The livelihoods of thousands of people rely on the natural resources provided by Bazaruto’s vulnerable ecosystems. Three of the islands are permanently inhabited by over 6,000 local people, governed through traditional councils and relying on the area’s marine resources for subsistence and small-scale commercial fishing. Community development includes engaging with the community, education and sustainable enterprise development, ensuring that local communities benefit from and support the preservation of this archipelago. With the support of local tourism lodges 50 young people were trained in vocational skills and courses in housekeeping, service, and refrigeration were offered in 2022. The Basisa Bazaruto project employs over 50 refuse collectors, who removed over 160 tonnes of waste from the archipelago and its communities in 2022. The recycled plastic is then transformed into paving tiles in Vilankulo.
African Parks’ community engagement programme has begun to build a firm foundation on which the relationship between the local communities and park management can thrive. In 2022, over 200 meetings were held with the community, and the Community Development Strategy was developed with the participation of key stakeholders.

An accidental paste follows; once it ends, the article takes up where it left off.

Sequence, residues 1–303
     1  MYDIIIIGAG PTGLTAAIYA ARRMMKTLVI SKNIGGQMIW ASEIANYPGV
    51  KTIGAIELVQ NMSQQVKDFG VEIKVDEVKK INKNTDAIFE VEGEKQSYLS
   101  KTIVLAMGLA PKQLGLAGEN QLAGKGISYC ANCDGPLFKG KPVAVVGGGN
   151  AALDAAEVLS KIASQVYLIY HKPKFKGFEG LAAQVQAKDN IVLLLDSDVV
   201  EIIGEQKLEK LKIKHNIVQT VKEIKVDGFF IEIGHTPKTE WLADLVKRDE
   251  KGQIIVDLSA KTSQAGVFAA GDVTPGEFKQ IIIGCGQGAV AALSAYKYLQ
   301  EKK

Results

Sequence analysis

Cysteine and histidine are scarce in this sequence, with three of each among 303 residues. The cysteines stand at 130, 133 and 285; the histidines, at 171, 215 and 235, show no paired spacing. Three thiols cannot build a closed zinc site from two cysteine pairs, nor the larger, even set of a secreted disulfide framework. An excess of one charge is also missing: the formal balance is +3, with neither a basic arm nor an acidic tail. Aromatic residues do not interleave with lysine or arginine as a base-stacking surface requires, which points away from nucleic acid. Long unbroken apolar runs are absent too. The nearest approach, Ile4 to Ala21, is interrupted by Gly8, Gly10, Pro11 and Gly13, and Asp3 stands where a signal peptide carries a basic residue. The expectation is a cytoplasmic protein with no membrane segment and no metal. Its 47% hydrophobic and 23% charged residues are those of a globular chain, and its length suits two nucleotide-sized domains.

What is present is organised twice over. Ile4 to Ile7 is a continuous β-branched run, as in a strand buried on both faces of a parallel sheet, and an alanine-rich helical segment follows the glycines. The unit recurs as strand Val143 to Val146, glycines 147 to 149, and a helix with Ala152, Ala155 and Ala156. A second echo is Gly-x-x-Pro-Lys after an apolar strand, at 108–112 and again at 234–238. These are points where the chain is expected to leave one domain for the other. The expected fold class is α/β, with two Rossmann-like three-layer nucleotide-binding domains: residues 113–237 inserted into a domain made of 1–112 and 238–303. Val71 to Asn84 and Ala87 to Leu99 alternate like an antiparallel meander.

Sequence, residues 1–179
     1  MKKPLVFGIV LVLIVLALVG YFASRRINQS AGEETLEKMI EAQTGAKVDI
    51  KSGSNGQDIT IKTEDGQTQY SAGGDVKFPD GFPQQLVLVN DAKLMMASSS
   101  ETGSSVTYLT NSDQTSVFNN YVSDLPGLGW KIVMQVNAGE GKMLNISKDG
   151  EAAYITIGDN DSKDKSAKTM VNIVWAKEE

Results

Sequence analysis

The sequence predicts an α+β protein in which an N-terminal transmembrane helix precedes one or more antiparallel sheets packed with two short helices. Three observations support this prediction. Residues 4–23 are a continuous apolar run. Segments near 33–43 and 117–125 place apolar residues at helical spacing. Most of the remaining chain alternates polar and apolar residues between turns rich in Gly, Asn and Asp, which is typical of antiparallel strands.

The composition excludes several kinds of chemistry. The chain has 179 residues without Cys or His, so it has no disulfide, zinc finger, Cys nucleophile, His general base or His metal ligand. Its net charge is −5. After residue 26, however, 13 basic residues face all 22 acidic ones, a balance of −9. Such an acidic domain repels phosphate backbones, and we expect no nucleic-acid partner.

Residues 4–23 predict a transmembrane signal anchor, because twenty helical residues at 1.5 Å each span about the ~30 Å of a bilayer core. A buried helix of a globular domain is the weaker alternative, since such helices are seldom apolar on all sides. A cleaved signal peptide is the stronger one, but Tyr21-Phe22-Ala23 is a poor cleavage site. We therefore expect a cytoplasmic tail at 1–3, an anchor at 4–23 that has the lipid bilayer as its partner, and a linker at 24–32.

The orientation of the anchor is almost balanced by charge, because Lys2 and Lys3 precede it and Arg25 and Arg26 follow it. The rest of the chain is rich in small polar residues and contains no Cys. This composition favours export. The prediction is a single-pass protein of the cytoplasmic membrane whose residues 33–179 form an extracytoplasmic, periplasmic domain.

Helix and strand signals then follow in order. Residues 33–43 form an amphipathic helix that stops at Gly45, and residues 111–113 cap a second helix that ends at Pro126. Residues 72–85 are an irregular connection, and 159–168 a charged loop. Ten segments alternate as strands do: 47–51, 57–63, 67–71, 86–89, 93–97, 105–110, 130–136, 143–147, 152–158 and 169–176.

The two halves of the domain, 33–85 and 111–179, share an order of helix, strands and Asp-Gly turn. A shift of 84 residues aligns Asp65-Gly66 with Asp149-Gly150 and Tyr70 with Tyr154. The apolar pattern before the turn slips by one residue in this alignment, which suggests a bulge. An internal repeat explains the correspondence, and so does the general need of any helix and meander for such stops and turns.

African Parks continues to provide educational opportunities that support economic and social transformation while raising environmental awareness. The provision of school facilities and learning materials assists many community members to become employable in the workplace. The park has extended its school support to the mainland districts of Vilankulo and Inhassoro, securing education for over 360 pupils.
Enterprise development is being achieved through the growth of the sustainable tourism industry in Bazaruto Archipelago National Park, not only creating jobs but also stimulating the local economy. The park contributes 20% annually of all tourism revenue to local communities through their respective councils to support projects that benefit the community as a whole.
Income-generating projects, such as conservation agriculture, provide an alternative to the dependence on resources in the park. To aid this, construction of a community skills development centre has begun, 100 young people have been trained in vocational skills and three tourism-related courses introduced at the request of local lodges: housekeeping, service, and refrigeration.
The Basisa Bazaruto project employed 51 refuse collectors, who removed over 167 tonnes of waste from the archipelago and its communities. The recycled plastic is being transformed into paving tiles in Vilankulo. The same team participated in other conservation activities, including tree planting to re-establish deforested areas.
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